“The Summer Man”
September 12th, 2010
“All he knows of the world is what you show him.”
There has always been a disconnect between Don Draper’s external persona and his internal struggle, but this season has largely broken down that expectation. Now, Don is incapable of hiding his sadness from the outside world, lacking the glossy exterior to trick those around him into believing that he is truly a happy man.
“The Summer Man” throws light on this reality by taking us inside Don Draper through what I believe will be a fairly divisive decision to have Don’s journal serve as narration for the episode. By all accounts, including his own, Don Draper is dedicated to changing his current path, but the real test is whether or not those around him believe this transformation – while I would share the reservations that some have regarding the narration, I would ultimately argue that it helps crystallize the episode’s key theme of the difference between self-perception and how Don and others are perceived by those around them.
July 19th, 2010
Summer camp is a very small world, and a television show set at a summer camp is even smaller. If someone tells a lie, chances are that lie will come to haunt them, and if someone is keeping a secret there’s a good chance that it will bubble under the surface until emerging. Huge is a show about vulnerability, about how these campers struggle to open themselves up to the potential for change while not opening themselves up to the point where they feel like their lives are on display, and secrets and lies are one of the ways in which they shield themselves from ridicule, reprimand, or simple exposure.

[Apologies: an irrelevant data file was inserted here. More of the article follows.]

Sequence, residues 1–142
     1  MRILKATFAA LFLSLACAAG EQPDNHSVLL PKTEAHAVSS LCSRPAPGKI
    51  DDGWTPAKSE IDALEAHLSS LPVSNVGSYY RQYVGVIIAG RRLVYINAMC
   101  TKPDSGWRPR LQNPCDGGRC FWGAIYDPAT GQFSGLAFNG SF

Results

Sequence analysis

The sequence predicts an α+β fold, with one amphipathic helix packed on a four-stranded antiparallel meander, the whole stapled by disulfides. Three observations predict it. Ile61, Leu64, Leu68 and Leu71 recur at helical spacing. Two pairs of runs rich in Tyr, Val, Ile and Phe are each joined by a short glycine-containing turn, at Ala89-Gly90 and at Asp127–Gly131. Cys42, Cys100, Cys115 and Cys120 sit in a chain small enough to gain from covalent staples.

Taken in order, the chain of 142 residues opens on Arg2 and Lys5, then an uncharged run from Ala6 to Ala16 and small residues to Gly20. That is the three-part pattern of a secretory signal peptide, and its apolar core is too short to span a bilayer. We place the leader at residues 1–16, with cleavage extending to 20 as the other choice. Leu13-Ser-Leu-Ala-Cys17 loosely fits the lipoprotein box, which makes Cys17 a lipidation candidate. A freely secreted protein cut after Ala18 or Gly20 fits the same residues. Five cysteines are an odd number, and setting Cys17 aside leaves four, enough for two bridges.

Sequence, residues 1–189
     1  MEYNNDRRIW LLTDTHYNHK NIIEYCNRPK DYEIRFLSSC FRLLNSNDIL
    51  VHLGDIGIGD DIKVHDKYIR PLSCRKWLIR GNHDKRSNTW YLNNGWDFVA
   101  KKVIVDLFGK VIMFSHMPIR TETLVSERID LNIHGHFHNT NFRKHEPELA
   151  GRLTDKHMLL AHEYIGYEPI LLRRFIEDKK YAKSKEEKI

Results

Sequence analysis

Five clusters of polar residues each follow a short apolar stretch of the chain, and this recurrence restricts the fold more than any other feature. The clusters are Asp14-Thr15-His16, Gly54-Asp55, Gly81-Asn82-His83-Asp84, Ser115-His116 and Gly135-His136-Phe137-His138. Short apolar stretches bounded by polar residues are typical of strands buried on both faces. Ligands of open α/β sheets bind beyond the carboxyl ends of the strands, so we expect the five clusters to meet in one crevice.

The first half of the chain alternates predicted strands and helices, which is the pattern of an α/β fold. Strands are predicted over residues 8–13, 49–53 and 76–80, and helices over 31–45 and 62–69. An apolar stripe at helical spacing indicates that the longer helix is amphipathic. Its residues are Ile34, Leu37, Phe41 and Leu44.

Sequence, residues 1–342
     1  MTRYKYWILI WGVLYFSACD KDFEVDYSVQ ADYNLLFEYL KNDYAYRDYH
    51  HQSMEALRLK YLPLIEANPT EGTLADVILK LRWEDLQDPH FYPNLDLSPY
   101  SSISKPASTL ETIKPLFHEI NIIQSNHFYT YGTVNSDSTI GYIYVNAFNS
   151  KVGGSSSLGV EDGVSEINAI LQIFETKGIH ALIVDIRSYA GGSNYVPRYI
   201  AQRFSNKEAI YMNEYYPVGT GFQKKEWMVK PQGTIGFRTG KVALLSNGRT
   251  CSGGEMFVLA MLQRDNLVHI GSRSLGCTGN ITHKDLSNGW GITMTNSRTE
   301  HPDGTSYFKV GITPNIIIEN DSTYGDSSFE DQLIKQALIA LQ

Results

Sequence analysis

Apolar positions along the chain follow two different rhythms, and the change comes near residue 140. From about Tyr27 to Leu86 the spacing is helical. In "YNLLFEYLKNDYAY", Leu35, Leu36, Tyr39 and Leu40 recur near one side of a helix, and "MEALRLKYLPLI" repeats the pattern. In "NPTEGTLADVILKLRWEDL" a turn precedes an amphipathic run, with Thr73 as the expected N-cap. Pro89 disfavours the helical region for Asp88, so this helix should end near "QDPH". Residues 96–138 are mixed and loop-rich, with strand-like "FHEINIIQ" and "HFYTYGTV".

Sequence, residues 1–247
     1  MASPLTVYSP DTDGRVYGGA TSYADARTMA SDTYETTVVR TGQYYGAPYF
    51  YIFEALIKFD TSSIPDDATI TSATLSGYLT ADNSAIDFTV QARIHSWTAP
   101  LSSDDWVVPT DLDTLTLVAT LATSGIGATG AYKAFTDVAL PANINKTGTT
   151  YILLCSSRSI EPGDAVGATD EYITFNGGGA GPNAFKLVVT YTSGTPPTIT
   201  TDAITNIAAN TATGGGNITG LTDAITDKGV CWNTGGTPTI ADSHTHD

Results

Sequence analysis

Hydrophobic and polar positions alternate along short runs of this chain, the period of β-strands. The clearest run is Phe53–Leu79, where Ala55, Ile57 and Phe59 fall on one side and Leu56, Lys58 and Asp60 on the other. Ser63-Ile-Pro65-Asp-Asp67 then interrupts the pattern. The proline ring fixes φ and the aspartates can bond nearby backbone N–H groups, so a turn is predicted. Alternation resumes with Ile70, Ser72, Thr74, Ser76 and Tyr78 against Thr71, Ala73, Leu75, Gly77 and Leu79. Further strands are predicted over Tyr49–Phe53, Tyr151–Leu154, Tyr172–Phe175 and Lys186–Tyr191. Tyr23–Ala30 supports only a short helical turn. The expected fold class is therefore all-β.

“Talent Night” doesn’t reinvent the wheel when it comes to how talent shows force their participants to face their fears, but Winnie Holzman very successfully owns this particular trope, delivering two empowering moments which are in some ways polar opposites but share one important trait: neither moment is played as universal experience. For every moment of collective reflection there is one subsection of the camp which has a different interpretation, or who is busy dealing with a different crisis at the time, and “Talent Night” does a very good job of bringing those stories together without forcing them to the same conclusions.